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Smart Talk Sept. 15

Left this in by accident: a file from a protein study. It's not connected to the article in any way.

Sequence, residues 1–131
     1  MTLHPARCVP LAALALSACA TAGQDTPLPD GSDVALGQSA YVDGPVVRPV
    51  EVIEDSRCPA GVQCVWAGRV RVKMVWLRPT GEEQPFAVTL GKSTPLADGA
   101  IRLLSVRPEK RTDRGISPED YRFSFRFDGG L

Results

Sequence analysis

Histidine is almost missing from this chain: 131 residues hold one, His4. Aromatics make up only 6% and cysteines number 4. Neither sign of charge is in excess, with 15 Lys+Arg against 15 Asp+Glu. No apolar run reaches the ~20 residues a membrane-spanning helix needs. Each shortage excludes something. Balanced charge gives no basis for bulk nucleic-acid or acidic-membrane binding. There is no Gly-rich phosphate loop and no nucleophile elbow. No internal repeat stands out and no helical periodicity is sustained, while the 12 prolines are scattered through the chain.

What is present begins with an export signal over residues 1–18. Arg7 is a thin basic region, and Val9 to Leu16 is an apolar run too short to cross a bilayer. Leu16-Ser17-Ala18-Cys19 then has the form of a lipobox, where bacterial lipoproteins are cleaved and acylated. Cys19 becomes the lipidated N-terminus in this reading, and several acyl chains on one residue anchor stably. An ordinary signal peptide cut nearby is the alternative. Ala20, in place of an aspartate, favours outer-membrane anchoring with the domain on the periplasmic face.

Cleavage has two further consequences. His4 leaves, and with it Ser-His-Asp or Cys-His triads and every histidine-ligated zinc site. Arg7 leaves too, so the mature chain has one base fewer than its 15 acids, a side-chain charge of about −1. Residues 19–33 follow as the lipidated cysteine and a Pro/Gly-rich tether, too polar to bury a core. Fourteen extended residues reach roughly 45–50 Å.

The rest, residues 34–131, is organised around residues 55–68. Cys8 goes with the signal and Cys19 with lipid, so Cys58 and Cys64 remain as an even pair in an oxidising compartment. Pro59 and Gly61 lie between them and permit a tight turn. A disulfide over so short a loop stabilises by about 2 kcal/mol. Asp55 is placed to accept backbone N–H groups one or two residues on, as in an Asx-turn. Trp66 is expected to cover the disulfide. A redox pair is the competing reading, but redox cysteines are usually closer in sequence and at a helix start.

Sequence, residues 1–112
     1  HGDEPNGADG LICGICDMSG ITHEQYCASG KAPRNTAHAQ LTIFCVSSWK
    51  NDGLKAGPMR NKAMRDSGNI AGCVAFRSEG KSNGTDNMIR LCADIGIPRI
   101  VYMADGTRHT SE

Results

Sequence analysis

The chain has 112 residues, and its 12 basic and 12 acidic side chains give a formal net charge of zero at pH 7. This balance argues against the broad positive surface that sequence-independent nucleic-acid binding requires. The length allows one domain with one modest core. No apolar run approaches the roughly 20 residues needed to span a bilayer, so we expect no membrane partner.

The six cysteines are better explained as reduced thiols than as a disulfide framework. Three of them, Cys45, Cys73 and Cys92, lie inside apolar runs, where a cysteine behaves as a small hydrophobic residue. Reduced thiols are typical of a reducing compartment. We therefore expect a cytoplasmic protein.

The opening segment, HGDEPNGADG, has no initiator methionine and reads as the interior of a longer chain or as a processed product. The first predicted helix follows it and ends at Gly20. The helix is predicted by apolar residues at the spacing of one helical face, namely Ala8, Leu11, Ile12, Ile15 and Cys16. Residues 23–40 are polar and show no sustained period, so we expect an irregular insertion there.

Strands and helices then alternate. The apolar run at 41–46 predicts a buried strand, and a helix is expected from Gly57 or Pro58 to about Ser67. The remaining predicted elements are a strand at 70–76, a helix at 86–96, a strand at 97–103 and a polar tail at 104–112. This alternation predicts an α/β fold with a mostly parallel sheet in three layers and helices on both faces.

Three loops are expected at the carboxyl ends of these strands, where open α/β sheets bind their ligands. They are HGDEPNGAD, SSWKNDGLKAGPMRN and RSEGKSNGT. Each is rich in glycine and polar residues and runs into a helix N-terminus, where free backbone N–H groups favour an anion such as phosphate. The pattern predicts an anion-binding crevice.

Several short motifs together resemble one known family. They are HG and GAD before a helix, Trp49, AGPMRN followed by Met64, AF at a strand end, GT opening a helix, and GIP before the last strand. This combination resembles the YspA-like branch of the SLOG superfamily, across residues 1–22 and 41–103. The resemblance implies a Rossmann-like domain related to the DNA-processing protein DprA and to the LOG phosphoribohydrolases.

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Piling on Bush Eureka Springs is cutting-edge again. Thanks to the Lovely County Citizen, we’ve learned of an international, er, movement that began in Germany to protest President George Bush in a singular fashion. Pranksters around the world are now making small flags with Bush’s face on them and planting them in piles of dog excrement found in public parks and other places. The “Bush in Poo” campaign turned up in Eureka recently in a pile of dog waste on Spring Street, near the library. Many, many websites deal with this new form of protest. One of them, pooprotest.com, offers a template to make your own Bush flags. It says that, so far as is known, using dog excrement as a flagstand for a Bush flag is not a violation of the Patriot Act. Yet. The National Merit report National Merit Scholarship semi-finalists were announced this week and Little Rock’s Central High School is again at the top of the list in Arkansas, though tied this year with Fayetteville High with 16 semi-finalists each. The Arkansas School for Mathematics, Science and the Arts in Hot Springs, a selective admissions high school, had 13. Here’s how the state’s 10 largest high schools fared, listed in order of 2004 enrollment with the semi-finalists at each: 1. Rogers (6) 2. Springdale (1) 3. North Little Rock (2) 4. Fayetteville (16) 5. Conway (7) 6. Cabot (6) 7. Bentonville (4) 8. LR Central (16) 9. Fort Smith Southside (3) 10. Bryant (1) Pulaski County note: After Central, top producers of semi-finalists were Pulaski Academy, 5; Mount St. Mary, 4; Catholic High, 3, and Little Rock Christian, 3. Temporary duty We were surprised to learn that Fort Chaffee was not becoming a temporary home for people displaced by Hurricane Katrina. Newcomers to Arkansas are being processed there but moved quickly to church camps and other temporary homes. Capt. Kristine Munn with the Arkansas National Guard said that Fort Chaffee is being used only as a staging point due to its “bare bones” facilities. “[The facilities at Chaffee are] from World War II. They’re open, bay-style barracks. They have been refurbished, so they have heat and A/C and basic necessities, but there’s only one bathroom per floor because we’re used to housing a bunch of male soldiers in there.” Munn said the decision to mothball Chaffee as a shelter for now was made by Gov. Mike Huckabee. “We started getting word a long, long time ago that if we did house people there, it’d be just because there were so many [evacuees] in the state that all the other places were filled up.” Could local jitters about housing thousands of New Orleans people in one place — as Chaffee would be able to do — have had anything to do with the decision? Munn said she hadn’t heard anything about that. While Munn said armed National Guardsmen were sent to Chaffee during the arrival of the first wave of evacuees “because of all the reports we were receiving from New Orleans,” the situation has been calm and very positive.

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